IMF chief Christine Lagarde called the growth-vs-austerity fight a "false debate" on Monday and urged some flexibility for eurozone countries having trouble meeting fiscal targets.
A day after elections in France and Greece delivered to power parties opposed to severe government cutbacks, Lagarde said countries should not be forced to tighten spending if unexpectedly slow growth erodes already-troubled budgets.
"Countries need to keep a steady hand on the wheel," she said in a speech in Zurich, according to the text of her remarks.
"If growth is worse than expected, they should stick to announced fiscal measures, rather than announced fiscal targets. In other words, they should not fight any fall in tax revenues or rise in spending caused solely because the economy weakens."
The issue is crucial a number of eurozone countries facing recession, including three under IMF-EU bailouts; Portugal, Greece and Ireland.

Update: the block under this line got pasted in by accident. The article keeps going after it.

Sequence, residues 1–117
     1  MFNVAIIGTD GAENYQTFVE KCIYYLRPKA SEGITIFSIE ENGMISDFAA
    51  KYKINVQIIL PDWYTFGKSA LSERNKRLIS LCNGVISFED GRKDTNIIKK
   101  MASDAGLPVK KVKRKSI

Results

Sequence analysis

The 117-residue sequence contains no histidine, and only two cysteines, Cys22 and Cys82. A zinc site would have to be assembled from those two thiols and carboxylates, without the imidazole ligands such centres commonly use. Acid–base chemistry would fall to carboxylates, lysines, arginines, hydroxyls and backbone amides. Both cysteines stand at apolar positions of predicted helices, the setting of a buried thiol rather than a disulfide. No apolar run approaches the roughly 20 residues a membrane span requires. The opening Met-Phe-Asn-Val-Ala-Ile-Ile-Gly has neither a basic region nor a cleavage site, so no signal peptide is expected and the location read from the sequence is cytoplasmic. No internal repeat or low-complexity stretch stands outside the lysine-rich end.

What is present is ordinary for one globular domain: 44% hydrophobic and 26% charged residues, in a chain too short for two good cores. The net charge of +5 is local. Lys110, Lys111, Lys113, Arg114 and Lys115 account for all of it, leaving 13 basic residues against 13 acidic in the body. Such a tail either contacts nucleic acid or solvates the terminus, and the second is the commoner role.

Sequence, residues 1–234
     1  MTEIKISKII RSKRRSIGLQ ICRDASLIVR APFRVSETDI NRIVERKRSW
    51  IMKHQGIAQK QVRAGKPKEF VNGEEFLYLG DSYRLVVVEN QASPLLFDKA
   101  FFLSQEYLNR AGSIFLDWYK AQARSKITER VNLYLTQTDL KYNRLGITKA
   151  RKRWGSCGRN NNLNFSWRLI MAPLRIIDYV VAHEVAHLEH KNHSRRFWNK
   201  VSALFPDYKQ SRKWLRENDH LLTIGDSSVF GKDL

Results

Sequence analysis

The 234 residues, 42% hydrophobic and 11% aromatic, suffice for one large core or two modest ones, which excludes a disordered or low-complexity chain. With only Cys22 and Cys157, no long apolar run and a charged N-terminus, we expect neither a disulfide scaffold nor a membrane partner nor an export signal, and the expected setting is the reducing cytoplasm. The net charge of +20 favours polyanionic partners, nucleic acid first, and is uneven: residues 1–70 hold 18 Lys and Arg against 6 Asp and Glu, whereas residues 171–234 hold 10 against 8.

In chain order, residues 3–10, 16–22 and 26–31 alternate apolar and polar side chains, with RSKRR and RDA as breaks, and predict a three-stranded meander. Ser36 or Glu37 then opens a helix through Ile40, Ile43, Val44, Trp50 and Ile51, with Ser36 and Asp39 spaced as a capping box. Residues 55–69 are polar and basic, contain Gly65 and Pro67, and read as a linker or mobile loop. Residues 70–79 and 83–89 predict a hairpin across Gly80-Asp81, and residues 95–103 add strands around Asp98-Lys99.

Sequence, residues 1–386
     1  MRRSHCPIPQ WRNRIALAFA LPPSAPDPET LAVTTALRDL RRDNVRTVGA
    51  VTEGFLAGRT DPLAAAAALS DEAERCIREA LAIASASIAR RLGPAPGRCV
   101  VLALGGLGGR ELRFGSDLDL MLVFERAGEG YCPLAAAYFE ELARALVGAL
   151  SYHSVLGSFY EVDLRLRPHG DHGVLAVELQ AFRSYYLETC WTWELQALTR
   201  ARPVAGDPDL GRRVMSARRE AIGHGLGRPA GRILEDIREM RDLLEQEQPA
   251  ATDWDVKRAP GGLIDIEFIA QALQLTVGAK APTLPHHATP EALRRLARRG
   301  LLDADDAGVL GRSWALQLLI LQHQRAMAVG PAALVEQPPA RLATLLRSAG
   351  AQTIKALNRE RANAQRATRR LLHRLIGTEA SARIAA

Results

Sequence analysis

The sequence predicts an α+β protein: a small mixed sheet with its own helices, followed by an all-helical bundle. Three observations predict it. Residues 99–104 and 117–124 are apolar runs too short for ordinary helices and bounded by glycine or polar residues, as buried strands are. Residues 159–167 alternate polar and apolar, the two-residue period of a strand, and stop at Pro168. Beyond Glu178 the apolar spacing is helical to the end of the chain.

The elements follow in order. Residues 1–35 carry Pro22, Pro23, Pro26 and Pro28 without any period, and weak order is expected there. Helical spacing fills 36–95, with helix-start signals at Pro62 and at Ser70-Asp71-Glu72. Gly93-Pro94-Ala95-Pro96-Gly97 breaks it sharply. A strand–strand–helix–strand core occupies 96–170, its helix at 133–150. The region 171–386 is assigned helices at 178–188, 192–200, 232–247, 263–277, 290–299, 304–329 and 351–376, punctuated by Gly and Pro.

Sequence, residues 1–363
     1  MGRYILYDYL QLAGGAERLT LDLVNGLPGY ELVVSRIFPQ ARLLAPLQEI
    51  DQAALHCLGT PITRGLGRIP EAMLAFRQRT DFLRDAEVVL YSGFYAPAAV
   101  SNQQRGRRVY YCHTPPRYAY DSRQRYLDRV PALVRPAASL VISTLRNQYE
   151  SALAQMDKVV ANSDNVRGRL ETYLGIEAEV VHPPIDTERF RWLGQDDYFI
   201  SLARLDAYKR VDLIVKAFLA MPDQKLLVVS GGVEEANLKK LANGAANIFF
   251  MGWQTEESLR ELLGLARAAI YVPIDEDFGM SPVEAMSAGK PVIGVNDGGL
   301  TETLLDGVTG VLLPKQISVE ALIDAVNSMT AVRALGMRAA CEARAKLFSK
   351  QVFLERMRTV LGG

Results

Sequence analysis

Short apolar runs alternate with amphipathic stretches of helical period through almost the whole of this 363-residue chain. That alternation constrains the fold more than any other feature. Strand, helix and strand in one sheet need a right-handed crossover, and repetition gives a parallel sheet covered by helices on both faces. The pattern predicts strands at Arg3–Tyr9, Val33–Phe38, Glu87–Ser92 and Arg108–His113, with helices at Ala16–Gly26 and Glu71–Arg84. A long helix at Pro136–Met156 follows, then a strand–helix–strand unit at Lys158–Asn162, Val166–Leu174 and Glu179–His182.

All have agreed to the March EU compact that includes tough budgetary targets, and the three also face fiscal performance goals under their rescues that have contributed to crunching growth.
Lagarde, who did not mention specific countries in her speech, played down the choice between austerity and growth.
"The growth camp says that we need more government stimulus to increase growth. The austerity camp says that markets are sitting in judgment over a mountain of public debt, and governments need to do what is necessary to reduce that debt as fast as possible," she said.
"I believe it is a false debate... We can design a strategy that is good for today and good for tomorrow. Good for stability and good for growth -- where stability is conducive to growth and growth facilitates stability."
She added that monetary policy has already been eased with the aim of increasing demand and returning to economic growth.
While monetary policy is already extremely loose, there might be some scope -- and need -- to go faster in some cases," she said, without being specific on where and how.